Steer a boat down Peru's mighty Madre De Dios River or its tributaries in the western Amazon basin and you may notice the river banks are flecked with bright reds and blues: this is prime real estate for macaws. Along with other bird species, the rainbow-hued parrots flock to these slopes to sample the sodium-rich soil. It's a colourful spectacle that attracts droves of tourists – and one group of bird-watching visitors was treated to an extra-special sighting early last year.

While marvelling at the iridescent plumage of a red-and-green macaw (Ara chloropterus) from a concealed hide during a trip to the Banquillo clay lick, the group watched as an ocelot pounced on the parrot and hauled the flailing bird up the clay bank and into the dense jungle beyond.

Darwin Moscoso, a tour guide from Tambo Blanquillo Lodge on the outskirts of the region's famed Manu National Park, was lucky enough to capture footage of the encounter. Ocelots are widely distributed from northern Argentina and Uruguay to South Texas, but the cats are famously elusive, and catching sight of one on the hunt is a rare treat.

The Banquillo clay lick, though, is a good place to look. Ocelot and jaguar sightings have been on the rise in the area over the last few years, as conservation efforts to reduce deforestation and poaching have taken flight. Earlier this year, tourists reported seeing a jaguar hunting macaws at the clay lick, and just a day later, a different group of visitors spotted an ocelot with a similar penchant for parrot.

A jaguar was filmed a few years ago trying to hunt macaws at a clay lick near Tambo Blanquillo Lodge. Similar sightings have been reported more recently.

"The jaguars and ocelots wait until the macaws come down to the clay. If they get lucky, they will catch one," Stefano Raffo, co-owner and manager at Tambo Blanquillo, told National Geographic. And the macaws come down to the clay quite often. Like many other animals, the birds consume clay from the river banks to supplement their nutritional intake. The practice of eating soil (known as geophagy) has been observed in many species, but the exact reasons for the behaviour are not yet fully understood.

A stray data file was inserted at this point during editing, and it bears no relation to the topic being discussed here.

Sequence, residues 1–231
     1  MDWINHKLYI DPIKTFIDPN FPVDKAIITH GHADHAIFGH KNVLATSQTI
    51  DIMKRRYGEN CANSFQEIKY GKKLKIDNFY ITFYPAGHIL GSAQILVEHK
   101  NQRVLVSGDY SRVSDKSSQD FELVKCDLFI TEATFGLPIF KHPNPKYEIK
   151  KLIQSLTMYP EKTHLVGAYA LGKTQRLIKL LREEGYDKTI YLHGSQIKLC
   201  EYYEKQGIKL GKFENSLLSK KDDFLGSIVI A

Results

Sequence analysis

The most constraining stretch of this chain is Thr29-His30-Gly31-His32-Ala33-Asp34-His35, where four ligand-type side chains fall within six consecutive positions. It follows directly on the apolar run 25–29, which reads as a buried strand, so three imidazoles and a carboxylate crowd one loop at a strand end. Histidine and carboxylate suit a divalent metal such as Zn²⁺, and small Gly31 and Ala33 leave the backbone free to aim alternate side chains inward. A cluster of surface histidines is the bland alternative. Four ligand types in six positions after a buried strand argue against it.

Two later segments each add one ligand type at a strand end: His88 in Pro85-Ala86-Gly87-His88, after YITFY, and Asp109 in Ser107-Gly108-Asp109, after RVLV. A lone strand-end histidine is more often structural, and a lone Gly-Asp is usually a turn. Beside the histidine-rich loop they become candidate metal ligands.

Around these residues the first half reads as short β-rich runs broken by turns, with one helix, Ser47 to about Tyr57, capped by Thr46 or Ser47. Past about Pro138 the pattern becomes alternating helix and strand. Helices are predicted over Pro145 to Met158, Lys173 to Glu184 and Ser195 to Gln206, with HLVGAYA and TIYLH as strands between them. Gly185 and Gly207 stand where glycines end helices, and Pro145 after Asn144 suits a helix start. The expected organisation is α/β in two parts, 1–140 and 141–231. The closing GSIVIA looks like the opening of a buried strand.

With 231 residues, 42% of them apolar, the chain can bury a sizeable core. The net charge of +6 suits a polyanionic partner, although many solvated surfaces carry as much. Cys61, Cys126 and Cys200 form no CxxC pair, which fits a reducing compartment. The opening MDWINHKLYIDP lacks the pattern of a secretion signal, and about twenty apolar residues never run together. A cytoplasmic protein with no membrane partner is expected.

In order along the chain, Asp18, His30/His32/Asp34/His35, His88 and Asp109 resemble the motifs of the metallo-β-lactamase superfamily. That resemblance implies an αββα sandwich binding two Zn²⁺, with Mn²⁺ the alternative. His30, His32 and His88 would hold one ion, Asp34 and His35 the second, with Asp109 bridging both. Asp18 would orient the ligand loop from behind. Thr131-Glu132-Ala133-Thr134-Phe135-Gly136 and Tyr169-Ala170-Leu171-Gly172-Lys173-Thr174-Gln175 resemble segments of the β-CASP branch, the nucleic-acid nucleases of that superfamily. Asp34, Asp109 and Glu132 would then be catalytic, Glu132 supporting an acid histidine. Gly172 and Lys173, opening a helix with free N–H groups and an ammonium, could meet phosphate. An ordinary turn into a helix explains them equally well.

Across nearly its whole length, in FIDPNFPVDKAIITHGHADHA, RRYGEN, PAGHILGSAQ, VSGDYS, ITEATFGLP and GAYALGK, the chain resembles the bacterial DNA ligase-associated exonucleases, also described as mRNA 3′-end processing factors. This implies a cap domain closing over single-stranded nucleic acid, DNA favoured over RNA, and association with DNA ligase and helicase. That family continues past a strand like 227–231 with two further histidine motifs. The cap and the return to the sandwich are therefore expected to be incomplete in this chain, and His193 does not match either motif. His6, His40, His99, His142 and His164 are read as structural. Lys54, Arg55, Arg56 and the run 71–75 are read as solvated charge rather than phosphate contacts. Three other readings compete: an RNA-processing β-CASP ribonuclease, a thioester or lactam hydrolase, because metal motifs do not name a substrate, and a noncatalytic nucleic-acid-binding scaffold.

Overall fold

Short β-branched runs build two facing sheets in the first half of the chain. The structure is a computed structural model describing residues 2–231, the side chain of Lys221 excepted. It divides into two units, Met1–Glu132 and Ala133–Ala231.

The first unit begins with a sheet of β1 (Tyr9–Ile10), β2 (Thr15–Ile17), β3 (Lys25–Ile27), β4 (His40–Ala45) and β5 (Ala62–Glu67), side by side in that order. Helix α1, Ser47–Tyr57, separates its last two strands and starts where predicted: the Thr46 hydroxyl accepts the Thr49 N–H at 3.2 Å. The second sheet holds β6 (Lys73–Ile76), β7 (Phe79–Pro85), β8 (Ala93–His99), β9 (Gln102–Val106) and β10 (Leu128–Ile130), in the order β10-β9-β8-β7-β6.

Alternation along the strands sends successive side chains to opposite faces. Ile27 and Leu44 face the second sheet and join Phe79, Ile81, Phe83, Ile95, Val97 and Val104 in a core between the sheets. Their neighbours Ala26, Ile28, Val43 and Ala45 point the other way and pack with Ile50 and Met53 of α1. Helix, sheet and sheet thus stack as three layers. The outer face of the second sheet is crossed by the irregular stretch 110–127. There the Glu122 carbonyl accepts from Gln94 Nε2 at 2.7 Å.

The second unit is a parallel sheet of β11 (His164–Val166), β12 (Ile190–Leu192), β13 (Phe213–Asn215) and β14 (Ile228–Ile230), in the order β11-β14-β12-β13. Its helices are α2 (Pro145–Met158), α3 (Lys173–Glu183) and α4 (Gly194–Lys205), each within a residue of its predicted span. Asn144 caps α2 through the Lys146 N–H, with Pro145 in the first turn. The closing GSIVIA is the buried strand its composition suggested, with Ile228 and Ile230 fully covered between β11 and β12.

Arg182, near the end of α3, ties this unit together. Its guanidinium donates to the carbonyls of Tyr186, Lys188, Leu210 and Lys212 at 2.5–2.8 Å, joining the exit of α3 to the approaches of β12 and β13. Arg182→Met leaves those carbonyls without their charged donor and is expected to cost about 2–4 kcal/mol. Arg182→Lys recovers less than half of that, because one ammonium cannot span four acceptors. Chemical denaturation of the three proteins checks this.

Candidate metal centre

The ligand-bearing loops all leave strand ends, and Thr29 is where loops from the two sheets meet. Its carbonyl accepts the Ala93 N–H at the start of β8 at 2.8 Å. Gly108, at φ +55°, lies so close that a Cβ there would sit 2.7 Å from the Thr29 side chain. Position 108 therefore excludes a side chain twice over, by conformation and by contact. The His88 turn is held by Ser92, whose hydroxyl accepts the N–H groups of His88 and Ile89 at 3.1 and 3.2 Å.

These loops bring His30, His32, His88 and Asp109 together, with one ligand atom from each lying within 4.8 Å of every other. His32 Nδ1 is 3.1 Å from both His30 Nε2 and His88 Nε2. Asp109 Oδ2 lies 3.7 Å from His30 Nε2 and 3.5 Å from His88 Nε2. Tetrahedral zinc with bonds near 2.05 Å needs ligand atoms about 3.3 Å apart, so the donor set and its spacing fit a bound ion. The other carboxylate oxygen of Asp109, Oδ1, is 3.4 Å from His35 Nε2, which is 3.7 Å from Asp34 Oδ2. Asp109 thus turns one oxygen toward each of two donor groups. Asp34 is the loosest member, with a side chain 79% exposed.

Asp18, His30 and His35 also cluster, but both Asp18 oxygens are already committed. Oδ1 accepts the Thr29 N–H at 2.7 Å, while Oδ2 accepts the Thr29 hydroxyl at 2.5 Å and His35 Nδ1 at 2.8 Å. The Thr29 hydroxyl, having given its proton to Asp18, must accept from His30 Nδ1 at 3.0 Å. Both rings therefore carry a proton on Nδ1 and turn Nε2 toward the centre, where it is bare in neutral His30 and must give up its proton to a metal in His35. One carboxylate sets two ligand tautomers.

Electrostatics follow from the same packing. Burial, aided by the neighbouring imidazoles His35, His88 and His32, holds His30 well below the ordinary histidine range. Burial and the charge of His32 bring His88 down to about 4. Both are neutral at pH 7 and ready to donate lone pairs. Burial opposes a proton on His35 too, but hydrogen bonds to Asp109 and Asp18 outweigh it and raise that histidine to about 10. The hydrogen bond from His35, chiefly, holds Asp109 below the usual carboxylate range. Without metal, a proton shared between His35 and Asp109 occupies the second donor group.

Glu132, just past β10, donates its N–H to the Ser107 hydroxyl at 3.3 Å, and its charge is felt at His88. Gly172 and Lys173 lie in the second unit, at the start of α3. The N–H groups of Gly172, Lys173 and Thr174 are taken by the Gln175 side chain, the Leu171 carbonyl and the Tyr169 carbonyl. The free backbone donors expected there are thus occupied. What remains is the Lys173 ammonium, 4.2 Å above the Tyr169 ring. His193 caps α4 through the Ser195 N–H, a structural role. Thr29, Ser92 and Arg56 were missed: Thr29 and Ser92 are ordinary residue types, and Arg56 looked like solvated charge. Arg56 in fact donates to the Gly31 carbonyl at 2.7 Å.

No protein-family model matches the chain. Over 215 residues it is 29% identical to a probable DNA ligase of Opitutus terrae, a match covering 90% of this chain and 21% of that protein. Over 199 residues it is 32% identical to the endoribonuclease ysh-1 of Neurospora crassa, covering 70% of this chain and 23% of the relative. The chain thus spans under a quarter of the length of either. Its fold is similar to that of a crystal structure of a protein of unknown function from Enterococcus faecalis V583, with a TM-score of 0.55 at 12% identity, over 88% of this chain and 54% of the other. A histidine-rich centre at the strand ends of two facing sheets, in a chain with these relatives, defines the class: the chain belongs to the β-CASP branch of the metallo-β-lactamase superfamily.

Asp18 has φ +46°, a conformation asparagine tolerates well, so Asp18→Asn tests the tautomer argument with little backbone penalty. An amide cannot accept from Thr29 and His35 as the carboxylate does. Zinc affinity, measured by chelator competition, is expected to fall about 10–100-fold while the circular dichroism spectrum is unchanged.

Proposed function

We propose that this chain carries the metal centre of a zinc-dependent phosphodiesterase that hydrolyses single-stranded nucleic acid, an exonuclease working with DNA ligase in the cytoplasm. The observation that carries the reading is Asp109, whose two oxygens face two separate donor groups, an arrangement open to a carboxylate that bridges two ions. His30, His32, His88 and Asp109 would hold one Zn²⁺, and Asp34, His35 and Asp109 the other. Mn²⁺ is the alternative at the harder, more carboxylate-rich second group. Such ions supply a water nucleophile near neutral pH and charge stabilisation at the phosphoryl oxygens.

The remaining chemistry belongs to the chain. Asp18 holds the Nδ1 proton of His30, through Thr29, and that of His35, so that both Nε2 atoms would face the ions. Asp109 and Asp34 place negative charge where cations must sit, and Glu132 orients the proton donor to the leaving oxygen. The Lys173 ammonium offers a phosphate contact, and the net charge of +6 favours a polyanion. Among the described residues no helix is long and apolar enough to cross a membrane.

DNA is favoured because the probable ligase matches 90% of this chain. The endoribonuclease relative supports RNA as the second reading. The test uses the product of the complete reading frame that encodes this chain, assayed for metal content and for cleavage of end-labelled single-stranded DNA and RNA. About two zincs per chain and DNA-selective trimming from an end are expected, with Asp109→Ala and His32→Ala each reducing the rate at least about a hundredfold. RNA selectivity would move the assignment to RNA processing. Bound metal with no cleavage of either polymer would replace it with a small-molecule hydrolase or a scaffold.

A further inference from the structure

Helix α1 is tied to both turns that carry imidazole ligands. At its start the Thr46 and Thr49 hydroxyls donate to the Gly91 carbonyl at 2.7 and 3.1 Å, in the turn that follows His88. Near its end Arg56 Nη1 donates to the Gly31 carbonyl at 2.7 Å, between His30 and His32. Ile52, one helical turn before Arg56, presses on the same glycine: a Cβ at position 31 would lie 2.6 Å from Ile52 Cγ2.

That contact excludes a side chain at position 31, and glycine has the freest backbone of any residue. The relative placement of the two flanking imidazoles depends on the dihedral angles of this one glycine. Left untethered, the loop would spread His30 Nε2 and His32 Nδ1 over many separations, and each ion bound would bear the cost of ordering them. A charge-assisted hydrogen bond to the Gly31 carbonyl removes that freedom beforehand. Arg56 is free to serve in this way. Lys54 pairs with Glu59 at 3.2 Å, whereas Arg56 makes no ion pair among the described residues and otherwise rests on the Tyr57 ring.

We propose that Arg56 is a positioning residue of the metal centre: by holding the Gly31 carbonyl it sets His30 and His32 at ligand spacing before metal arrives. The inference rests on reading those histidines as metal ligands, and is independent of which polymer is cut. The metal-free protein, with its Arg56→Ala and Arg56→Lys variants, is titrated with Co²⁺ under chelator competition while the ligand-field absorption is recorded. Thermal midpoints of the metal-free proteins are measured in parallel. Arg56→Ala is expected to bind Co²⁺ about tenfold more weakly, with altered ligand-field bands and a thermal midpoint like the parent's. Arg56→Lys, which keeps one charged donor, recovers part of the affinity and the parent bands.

In the case of macaws, beakfuls of clay are thought to provide much-needed sodium that is otherwise missing from their diets. "Sodium in the rainforest is really rare, and the place on these clay licks most preferred by the birds also has the highest sodium content," explains Dr Elizabeth Hobson, who recently co-authored a study on the subject. The vital nutrient helps to support nerve function and muscle contraction, and plays a part in maintaining the balance between water and electrolytes. The macaws crank up their sodium intake during breeding season when nutritional demands are at their highest.

Of course, there are downsides to congregating in large numbers on exposed river banks – and the threat of ambush by hungry ocelots is one of them. Their predatory adaptability has helped the cats dominate in the felid mesopredator category across much of their range, and they'll readily snatch an avian meal if it's available.

A survey in the Peruvian Amazon east of Tambo Blanquillo recently revealed one of the densest populations of ocelots in the world, while Manu National Park to the west is thought to be home to as many as 80 of these cats per 100 square kilometres. Deforestation in the Amazon basin poses a major threat to ocelots, and ecotourism is valued for the contribution it could make to their conservation.

The team at Tambo Blanquillo is glad to see an increase in cat numbers: "We hope they become more frequent, as we wish all our visitors have the chance to really experience the wilderness of the Amazon Rainforest," they wrote on their blog.



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